Henry


That is not always the case, right? What would be the point of overriding a method if the overriden version will be called anyway?
 
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Shane Jensen wrote:
That is not always the case, right? What would be the point of overriding a method if the overriden version will be called anyway?



Sorry. Typo. I meant the version in the subclass, aka. the version that overrode the superclass version... fixed in my previous post.

Henry
 
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Shane Jensen wrote:Is it safe to say that polymorphic methods ignoring any casting that happens? Or is this too blunt?


If you focus on runtime behavior, that's true. But please keep in mind that the cast might result in a compiler error (e.g. assume class B defines also a method m2(); the statement o2.m2(); will compile successfully, but ((A)o2).m2(); will result in a compiler error.

Here is a very, very, very important rule: The compiler doesn't execute any code! So every compiler error you get, is because the compiler knows something is wrong without executing any line of code. So the compiler doesn't know and care) about the actual objects, the compiler only knows about the types of the reference variables.

Here are two very simple (and hopefully easy to remember) but very, very, very important rules (which you must know by heart):
  • Which instance variables you can access is determined at compile time based on the reference variable type.
  • Which instance methods you can call/invoke is determined at compile time based on the reference variable type. Which instance method is actually executed is decided at runtime based on the type of the actual object (= polymorphism).


  • Hope it helps!
    Kind regards,
    Roel
     
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    Roel De Nijs wrote:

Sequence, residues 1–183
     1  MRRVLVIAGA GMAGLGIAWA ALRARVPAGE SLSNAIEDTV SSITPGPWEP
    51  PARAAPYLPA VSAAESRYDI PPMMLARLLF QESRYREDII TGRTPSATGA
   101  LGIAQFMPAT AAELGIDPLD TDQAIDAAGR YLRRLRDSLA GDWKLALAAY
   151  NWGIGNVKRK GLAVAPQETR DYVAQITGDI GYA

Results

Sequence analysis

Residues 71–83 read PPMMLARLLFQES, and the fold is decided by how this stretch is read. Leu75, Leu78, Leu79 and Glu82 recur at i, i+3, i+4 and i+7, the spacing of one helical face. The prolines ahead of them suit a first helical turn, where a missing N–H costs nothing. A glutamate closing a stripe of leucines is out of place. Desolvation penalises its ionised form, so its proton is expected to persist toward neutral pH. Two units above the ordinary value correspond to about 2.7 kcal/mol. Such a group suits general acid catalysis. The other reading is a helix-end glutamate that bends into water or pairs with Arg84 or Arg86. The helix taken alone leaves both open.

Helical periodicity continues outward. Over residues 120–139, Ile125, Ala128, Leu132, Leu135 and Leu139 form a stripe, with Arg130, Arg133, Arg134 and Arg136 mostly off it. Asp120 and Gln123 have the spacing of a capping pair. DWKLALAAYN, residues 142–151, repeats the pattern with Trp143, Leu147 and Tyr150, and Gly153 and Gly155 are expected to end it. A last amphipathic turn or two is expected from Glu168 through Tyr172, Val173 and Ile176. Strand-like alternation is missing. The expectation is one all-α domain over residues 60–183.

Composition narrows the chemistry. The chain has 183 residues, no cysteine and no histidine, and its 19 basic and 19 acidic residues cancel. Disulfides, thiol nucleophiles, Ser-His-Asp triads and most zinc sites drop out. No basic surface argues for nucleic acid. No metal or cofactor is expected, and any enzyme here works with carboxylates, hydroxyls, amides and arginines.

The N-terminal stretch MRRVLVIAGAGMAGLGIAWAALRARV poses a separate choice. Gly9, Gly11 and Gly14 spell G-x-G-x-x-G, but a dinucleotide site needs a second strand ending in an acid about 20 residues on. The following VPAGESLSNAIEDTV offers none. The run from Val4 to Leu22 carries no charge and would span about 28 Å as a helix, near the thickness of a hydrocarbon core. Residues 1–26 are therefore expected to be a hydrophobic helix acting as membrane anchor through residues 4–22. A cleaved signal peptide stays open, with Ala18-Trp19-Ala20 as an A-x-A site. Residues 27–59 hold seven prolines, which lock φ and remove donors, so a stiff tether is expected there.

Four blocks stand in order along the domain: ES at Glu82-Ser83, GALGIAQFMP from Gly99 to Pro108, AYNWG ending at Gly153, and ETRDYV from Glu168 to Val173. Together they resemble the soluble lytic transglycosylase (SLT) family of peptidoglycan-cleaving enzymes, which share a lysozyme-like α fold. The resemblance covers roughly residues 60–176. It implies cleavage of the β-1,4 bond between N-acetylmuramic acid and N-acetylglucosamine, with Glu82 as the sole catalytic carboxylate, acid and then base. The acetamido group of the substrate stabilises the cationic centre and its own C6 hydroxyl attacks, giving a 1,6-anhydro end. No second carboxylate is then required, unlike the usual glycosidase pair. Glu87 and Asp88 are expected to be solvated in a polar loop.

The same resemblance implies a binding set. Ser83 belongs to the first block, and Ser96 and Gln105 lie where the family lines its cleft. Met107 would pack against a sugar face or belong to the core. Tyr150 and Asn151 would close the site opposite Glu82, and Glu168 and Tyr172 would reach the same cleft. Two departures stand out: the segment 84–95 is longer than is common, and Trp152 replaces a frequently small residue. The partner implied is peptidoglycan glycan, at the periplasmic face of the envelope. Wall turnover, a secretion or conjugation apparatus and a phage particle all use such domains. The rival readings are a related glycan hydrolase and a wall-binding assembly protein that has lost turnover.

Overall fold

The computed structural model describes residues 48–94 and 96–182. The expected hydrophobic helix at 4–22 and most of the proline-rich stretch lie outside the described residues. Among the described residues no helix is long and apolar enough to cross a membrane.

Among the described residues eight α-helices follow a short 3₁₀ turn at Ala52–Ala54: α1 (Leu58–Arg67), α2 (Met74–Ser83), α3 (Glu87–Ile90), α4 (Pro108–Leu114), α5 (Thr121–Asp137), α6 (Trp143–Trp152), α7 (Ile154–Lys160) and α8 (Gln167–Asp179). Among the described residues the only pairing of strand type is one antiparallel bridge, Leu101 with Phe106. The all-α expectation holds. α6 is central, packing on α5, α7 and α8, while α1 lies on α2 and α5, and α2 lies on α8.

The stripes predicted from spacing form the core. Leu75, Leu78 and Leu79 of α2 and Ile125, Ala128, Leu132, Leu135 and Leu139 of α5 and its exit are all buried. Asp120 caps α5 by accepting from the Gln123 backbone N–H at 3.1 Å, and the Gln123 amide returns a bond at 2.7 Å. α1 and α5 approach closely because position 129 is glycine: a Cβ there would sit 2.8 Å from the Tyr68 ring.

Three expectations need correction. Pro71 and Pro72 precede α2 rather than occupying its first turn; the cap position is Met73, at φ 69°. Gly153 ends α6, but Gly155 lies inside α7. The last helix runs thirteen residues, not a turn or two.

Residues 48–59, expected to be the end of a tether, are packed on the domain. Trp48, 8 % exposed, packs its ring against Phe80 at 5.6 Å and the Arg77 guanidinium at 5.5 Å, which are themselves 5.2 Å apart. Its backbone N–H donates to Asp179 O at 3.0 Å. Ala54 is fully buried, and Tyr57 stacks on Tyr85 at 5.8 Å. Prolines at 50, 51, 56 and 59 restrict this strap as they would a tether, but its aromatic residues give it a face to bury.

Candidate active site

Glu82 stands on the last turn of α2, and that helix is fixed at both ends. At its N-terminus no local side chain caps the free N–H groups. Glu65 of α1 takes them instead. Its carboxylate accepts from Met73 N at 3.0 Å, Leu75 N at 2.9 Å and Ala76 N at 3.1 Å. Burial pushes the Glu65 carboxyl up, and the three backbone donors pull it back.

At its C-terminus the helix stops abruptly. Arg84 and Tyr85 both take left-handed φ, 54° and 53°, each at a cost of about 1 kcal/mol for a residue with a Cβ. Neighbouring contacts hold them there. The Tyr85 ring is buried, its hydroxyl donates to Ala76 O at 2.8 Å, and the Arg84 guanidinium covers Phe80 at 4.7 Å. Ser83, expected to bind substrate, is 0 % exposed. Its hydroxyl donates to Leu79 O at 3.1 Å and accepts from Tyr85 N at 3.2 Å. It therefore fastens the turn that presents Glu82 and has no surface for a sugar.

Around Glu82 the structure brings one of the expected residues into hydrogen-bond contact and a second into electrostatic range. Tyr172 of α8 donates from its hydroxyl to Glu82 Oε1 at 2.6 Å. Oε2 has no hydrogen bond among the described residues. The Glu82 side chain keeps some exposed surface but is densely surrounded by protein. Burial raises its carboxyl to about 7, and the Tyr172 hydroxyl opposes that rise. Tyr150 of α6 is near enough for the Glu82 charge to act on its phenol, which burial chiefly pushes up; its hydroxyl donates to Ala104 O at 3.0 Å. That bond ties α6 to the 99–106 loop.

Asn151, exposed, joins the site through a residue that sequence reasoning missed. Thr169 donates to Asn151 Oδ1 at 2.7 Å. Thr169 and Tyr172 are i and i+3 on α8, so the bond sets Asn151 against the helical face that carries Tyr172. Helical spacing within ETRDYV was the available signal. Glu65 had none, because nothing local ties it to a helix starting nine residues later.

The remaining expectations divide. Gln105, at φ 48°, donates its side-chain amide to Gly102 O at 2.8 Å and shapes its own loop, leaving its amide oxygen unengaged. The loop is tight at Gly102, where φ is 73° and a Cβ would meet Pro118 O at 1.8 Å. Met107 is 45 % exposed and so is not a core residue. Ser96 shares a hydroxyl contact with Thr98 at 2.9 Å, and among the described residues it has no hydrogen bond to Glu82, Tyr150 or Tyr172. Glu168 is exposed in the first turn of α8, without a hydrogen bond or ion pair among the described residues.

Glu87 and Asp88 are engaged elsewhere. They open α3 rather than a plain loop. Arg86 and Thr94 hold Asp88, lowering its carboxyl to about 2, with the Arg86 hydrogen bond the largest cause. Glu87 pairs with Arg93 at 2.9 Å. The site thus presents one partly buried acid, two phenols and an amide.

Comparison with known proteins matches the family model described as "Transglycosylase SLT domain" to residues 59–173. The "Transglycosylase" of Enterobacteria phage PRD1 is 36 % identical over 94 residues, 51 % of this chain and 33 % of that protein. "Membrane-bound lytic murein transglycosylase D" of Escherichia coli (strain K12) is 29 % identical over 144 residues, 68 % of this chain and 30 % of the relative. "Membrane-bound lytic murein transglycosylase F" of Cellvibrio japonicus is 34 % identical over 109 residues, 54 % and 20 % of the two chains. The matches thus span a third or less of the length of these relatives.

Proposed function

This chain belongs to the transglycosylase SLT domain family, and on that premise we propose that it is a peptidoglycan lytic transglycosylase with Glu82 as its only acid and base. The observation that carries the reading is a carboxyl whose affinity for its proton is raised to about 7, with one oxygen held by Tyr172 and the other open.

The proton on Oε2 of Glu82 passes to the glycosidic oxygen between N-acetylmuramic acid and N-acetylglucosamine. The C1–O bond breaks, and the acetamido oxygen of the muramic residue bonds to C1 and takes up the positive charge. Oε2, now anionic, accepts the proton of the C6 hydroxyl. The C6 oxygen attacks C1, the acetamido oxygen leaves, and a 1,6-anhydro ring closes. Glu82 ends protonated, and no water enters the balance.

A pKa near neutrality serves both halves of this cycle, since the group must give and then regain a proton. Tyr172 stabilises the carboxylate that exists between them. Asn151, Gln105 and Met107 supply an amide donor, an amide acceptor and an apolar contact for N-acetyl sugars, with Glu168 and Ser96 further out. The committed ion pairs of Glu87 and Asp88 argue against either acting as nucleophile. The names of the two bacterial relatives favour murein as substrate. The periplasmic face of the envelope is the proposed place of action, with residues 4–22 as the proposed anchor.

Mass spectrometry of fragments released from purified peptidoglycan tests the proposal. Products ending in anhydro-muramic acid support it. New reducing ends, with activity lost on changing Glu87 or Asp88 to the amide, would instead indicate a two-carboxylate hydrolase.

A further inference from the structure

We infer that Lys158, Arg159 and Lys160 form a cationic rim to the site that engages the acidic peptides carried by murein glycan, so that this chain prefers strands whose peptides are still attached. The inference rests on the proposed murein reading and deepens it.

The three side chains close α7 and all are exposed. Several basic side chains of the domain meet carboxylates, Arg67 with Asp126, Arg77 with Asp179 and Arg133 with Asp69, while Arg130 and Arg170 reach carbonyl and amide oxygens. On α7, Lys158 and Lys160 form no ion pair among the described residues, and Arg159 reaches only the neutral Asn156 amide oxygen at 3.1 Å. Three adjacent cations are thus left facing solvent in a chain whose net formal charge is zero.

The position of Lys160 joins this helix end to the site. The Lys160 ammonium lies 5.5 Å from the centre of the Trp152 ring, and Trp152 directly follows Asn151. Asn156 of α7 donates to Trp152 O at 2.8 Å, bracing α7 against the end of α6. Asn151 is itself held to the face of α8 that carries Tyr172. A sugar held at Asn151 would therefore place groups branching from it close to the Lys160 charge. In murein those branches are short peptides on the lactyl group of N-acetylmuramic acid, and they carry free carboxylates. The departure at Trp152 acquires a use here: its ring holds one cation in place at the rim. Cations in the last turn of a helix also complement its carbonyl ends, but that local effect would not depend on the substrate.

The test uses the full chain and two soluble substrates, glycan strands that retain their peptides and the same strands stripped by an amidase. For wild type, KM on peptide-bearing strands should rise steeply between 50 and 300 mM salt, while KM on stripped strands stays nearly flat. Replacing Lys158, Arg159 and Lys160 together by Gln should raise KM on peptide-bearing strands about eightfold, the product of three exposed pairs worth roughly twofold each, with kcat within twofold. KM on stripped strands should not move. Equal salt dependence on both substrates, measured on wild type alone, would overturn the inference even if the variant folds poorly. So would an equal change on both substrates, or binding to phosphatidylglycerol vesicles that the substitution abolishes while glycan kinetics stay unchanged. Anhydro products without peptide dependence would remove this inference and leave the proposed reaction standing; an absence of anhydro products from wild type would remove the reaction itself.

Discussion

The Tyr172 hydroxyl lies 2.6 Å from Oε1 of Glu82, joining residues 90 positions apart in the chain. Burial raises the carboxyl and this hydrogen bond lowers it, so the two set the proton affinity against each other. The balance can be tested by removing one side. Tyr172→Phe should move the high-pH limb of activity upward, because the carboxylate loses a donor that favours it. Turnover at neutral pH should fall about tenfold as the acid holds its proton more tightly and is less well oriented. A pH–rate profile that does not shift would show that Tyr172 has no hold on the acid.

Shane Jensen wrote:Is it safe to say that polymorphic methods ignoring any casting that happens? Or is this too blunt?


    If you focus on runtime behavior, that's true. But please keep in mind that the cast might result in a compiler error (e.g. assume class B defines also a method m2(); the statement o2.m2(); will compile successfully, but ((A)o2).m2(); will result in a compiler error.


    Since m2() doesn't exist in A, the method isn't polymorphic, right? So wouldn't my statement still be true, even during compile time (as the compiler would know class A doesn't have method m2() at that point, and thus concludes no polymorphism will be happening)?
     
    Roel De Nijs
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    Maybe not really crystal-clear in my previous post, but I stated that your statement was true (correct). Polymorphism happens only at runtime, so when talking about polymorphic behavior you can only focus on runtime behavior The "keep in mind" thing was intended as a good-to-know note (for completeness) and a nice transition to the set of rules I mentioned, not a correction of your statement.
     
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    Roel De Nijs wrote:Maybe not really crystal-clear in my previous post, but I stated that your statement was true (correct). Polymorphism happens only at runtime, so when talking about polymorphic behavior you can only focus on runtime behavior The "keep in mind" thing was intended as a good-to-know note (for completeness) and a nice transition to the set of rules I mentioned, not a correction of your statement.


    Alright! Thanks for the clarification.